The three ensemble filter algorithms are used iteratively to update ensemble model simulations of observed state variables (i.e. influenza incidence) to better align with observations (i.e. ILI+). These updates are determined by halting the ensemble integration at each new observation, computing the Kalman gain using that new observation and the distribution of current model states (the prior), and then using the Kalman gain to calculate a posterior for the observed state variables. Cross ensemble co-variability is used to adjust both the unobserved state variables and model parameters. The posterior is then integrated to the next observation and the process is repeated. Through this iterative updating process the ensemble of simulations provides an estimate of the observed state variable (i.e. influenza incidence), as well as the unobserved variables and parameters (e.g. susceptibility and mean infectious period).

Generally, Kalman filters assume normality of both the likelihood and prior distributions during an update. Differences among the ensemble filter algorithms manifest in the means by which the update is specified. The ensemble Kalman filter (EnKF) is a stochastic, perturbed observation form of the Kalman filter in which the update of each ensemble member is computed using the current observation plus Gaussian random noise23. That is, the posterior for each ensemble member is simply the weighted sum of the prior for that ensemble member and the observation plus random noise with variance equal to the observational error variance (OEV). The weights themselves are calculated as ratios of the ensemble prior variance and the OEV. The OEV itself is the estimated error associated with a given ILI+ observation and is defined as in previous works3,11.

The ensemble adjustment Kalman filter (EAKF) employs a deterministic algorithm to compute the ensemble posterior mean and variance20. At each update, the EAKF algorithm aligns the first two ensemble posterior moments with those predicted by Bayes theorem.

Unlike the EnKF and EAKF, the rank histogram filter (RHF) does not impose a Gaussian structure on the prior, observations and posterior21; rather, this filter employs an algorithm that creates an approximate probability distribution by ordering (i.e. ranking) the ensemble prior. In this fashion, the RHF admits non-Gaussian distributions, thus relaxing the normality assumption inherent to most Kalman filters.

For all three ensemble filters, multiplicative inflation11,20 was applied following the assimilation of each weekly observation of ILI+. The inflation was used to counter the ensemble filter tendency toward ‘filter divergence’, which occurs when the prior ensemble spread becomes spuriously small. In the absence of inflation, the system may give too little weight to the observations and thus diverge from the true trajectory.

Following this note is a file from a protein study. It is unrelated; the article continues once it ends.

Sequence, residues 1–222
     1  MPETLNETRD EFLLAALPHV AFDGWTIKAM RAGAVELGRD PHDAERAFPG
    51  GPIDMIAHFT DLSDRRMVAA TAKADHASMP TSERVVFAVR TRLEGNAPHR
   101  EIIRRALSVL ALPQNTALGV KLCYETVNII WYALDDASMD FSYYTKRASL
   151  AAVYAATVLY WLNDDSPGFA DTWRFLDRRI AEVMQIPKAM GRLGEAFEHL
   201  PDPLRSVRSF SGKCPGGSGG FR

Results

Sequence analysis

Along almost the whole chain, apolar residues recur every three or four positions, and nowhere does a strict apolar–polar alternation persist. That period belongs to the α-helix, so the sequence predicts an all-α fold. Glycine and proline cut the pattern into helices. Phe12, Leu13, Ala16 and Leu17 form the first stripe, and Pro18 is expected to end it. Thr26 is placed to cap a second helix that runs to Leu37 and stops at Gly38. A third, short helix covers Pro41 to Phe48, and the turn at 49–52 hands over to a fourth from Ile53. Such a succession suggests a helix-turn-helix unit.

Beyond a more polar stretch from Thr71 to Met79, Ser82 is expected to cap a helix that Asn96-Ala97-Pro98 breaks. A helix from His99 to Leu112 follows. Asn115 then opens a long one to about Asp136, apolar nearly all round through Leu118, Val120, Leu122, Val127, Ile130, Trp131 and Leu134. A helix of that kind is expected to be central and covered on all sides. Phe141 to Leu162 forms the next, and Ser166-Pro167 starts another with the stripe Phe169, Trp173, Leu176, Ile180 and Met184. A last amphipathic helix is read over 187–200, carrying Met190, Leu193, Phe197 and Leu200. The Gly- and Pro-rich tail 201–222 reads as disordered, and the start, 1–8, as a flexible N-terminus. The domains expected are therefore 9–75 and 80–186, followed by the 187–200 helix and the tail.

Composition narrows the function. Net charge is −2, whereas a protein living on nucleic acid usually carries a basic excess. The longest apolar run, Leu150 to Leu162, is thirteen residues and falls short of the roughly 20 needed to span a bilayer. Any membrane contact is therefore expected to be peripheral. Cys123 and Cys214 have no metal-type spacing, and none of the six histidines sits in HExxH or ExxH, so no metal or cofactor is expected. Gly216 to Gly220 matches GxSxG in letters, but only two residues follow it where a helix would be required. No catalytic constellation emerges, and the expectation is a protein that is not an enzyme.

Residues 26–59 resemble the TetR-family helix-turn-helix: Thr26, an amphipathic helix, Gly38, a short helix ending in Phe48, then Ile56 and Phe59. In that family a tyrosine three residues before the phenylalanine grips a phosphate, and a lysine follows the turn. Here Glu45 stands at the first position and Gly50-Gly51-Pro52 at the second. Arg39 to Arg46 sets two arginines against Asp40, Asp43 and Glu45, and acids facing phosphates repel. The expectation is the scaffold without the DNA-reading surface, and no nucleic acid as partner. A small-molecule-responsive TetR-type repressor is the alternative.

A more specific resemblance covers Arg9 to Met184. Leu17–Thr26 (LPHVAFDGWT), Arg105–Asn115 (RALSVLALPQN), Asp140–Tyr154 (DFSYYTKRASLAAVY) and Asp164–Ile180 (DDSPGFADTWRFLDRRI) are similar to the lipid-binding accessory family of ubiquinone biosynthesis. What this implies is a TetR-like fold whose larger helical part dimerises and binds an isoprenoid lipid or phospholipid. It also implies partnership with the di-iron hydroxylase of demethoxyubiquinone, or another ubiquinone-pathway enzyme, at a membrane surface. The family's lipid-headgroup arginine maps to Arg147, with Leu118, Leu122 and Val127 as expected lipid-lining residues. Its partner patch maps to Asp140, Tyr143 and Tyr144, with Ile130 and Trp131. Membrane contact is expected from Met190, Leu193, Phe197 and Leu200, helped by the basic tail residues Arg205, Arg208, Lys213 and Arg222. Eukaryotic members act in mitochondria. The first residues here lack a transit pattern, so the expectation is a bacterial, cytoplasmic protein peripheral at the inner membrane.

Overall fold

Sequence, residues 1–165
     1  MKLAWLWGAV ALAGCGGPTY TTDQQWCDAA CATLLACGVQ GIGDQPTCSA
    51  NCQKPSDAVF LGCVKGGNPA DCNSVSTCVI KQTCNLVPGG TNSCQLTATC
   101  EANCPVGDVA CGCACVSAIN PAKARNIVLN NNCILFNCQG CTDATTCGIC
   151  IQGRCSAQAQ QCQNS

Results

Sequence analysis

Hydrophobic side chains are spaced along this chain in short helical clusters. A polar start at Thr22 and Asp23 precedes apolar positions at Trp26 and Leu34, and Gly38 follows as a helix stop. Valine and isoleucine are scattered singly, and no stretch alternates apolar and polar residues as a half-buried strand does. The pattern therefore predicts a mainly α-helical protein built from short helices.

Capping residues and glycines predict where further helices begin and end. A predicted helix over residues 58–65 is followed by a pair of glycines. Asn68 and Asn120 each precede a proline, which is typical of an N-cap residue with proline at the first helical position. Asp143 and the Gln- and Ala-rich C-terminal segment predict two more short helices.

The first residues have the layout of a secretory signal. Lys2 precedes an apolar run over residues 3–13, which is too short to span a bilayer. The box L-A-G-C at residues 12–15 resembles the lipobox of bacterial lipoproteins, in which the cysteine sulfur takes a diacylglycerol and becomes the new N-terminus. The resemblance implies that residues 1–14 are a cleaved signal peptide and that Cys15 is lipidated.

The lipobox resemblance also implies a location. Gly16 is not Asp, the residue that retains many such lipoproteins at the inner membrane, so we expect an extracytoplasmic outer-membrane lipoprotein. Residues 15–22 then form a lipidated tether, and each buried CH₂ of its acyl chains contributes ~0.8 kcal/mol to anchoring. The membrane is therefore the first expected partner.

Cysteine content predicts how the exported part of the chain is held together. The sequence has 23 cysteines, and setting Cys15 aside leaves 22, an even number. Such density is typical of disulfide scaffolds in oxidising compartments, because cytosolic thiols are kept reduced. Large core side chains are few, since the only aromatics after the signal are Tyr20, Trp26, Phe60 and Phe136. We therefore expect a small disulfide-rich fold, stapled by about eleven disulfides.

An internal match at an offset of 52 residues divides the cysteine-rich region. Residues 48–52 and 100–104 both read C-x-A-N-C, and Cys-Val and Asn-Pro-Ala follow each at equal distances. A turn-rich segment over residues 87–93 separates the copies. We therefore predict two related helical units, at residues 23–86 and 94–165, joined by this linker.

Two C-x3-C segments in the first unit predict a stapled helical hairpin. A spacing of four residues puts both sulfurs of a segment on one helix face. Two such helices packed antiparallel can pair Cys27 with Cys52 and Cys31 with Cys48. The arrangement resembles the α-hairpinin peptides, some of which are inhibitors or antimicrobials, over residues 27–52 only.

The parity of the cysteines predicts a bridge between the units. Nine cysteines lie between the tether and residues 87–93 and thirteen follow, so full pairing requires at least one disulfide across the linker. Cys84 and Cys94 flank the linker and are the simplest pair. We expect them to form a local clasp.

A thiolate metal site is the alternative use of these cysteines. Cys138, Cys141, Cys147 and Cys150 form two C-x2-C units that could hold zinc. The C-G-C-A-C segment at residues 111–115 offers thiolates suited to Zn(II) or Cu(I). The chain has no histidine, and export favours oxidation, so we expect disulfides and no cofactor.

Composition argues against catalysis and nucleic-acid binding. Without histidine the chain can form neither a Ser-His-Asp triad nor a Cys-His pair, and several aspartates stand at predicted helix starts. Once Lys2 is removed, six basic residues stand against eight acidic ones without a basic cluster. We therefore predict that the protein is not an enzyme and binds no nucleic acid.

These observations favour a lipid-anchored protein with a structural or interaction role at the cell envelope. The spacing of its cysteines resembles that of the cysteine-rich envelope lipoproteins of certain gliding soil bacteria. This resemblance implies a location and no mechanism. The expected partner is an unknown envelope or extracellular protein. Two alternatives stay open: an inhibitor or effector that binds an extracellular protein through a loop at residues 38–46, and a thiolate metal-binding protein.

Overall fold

Unlike the above ensemble filters, PFs are an alternate class of assimilation method that do not require assumptions about linearity or normality. The PF approach used here adopts sequential importance sampling with resampling and regularization22,24. Resampling generates a new suite of particles with equal weight during the model integration whenever the effective sample size is low. Regularization jiggles the state and parameter values of each resampled particle to eliminate particle redundancies and further sample parameter space around each previously highly weighted particle. As a consequence of resampling and regularization, a much richer range of parameter and state space is spanned than with a basic PF- which relies only on the initial parameter choices.

For all 16 model-filter combinations a scaling factor was employed to convert ILI+ from number of influenza cases per 100,000 patient visits, to influenza incidence, the quantity represented in the compartmental models, per Shaman et al.3. Additional details on the application of the ensemble filters and PF to infectious disease models are provided in Shaman and Karspeck11 and Yang et al.12.


The recursive updating of model state space variables and parameters, carried out by the filtering process, is meant to align these characteristics to better match the observed epidemic trajectory of influenza incidence. The premise is that if the model can be optimized to represent observations as they have thus far manifested, it stands a better chance of generating a forecast consistent with future conditions.

In practice for each city and season, we initiated our model simulations and data assimilation on Week 40 of the calendar year. Each week, the ensemble of simulations (300 for the ensemble filters, 10,000 for the PF) was updated using a given filter. All 16 combinations of the 4 models (SIR, SIRS, SEIR, SEIRS) and 4 filters (EnKF, EAKF, RHF and PF) were run, and the accuracy of each individual ensemble forecast was assessed separately. For weeks 45-64 of the flu season, following assimilation of the latest ILI+ observation, the posterior ensemble was integrated into the future to generate a forecast for the remainder of the season.